“This book took me on an amazing journey through the Napoleonic years from a very different perspective. I was quite intrigued by this daughter of silk merchant with a front row seat to history, eventually marrying an aid to Napoleon and later becoming the Queen of Sweden. While the names of men throughout history are often more well-known, this was when I realized there are also many fascinating women from days long gone by with stories that deserve to be preserved and told.”

“How about a book about four women?” asks Ana.

“One of the benefits of a brick-and-mortar bookstore is that you’ll come across books that you’ll never hear about from friends, or read about in the newspaper, or come across in the library. That’s how I found The Red Rose Girls: An Uncommon Story of Art and Love.

“So picture this scene, as outlined in the dust jacket: ‘In turn-of-the-century Philadelphia, three talented female artists take over the Red Rose Inn, a picturesque estate on the city’s venerable Main Line, and set up an unconventional household. Joined by a fourth friend, the women forge an intense emotional bond and made a pact to live together forever.

‘Together they pursue their artistic goals, enjoy public recognition and success, and enrich their professional lives with a fluid exchange of ideas.’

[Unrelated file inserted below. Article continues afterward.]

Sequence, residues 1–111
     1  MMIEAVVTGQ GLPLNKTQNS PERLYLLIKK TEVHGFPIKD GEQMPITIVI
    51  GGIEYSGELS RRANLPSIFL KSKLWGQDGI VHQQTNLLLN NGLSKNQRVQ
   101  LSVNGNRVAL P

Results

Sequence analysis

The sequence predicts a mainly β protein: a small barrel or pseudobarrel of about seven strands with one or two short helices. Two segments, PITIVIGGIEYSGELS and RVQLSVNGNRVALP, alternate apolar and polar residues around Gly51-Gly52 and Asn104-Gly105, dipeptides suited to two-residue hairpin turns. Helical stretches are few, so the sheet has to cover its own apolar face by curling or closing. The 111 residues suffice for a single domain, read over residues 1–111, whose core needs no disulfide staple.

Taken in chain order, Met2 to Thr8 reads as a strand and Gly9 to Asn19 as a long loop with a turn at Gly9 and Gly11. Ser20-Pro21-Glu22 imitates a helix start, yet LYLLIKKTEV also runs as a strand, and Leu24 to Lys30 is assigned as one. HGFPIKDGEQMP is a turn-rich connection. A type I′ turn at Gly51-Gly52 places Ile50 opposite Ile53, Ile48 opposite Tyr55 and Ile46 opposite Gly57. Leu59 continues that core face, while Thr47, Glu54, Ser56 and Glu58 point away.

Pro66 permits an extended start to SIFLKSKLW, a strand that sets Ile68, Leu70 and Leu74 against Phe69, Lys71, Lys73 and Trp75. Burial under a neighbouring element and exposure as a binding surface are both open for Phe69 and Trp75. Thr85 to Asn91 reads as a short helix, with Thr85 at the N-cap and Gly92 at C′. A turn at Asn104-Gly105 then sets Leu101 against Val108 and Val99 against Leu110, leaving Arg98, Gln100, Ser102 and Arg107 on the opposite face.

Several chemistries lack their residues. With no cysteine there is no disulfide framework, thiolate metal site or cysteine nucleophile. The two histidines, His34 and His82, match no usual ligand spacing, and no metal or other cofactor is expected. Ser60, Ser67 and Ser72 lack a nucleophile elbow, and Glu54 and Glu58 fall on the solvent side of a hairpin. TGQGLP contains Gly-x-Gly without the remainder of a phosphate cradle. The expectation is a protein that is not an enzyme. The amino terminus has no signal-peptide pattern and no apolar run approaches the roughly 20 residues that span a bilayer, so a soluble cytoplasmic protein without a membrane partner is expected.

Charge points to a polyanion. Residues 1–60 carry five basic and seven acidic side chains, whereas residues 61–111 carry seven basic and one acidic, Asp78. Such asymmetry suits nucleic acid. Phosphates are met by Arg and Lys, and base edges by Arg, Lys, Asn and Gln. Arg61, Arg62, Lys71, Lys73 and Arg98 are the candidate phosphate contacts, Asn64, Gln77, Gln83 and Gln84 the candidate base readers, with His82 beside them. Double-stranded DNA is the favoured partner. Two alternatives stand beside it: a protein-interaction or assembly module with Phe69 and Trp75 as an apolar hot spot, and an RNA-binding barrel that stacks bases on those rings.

“How could I not fall in love with these women?

“But wait! There’s drama ahead, because (as the dust jacket continues) ‘it was an idyllic, romantic life—until one woman left the fold to marry, a breach from which the tightly intertwined group never fully recovered.’

The story of Jessie Willcox Smith, Elizabeth Shippen Green, Violet Oakley, and Henriette Cozens—The Red Rose Girls—perfectly fits the zeitgeist of the early Twentieth Century, when women explored their talents and committed to bold decisions.

I recently read Kate Forsyth’s Beauty in Thorns which brought to life the women portrayed in the 19th century Pre-Raphaelite paintings. Each of them was as distinctive as the men who painted them.

Lizzie Siddal charmed Dante Gabriel Rosetti but struggled with her own demons, including a frustrated desire to become an artist. Painter and engraver Georgie McDonald also put aside her own artistic dreams to support her husband, Ned Burne-Jones. Janey Burden rose from impoverished circumstances to inspire both Burne-Jones and William Morris but caused a rift between these friends who vied for her love. 

As is often the case in reading about women of the past, one is struck by the limitations of the era. Though theirs was considered a bohemian circle, these women were not encouraged to pursue their own dreams but instead were shackled by the men and the expectations of the time. Nevertheless, Forsyth’s novel shows that they were much more than auburn-haired fairy-tale princesses.

I loved learning about the women behind and often in front of the Pre-Raphaelite painters.

Kathryn Pritchett
Written by Kathryn Pritchett

Kathryn Pritchett writes about strong women forged in the American West. To interact with her and the other Paper Lantern Writers, join us in our Facebook group SHINE, on Instagram, and Twitter.

View Kathryn’s PLW Profile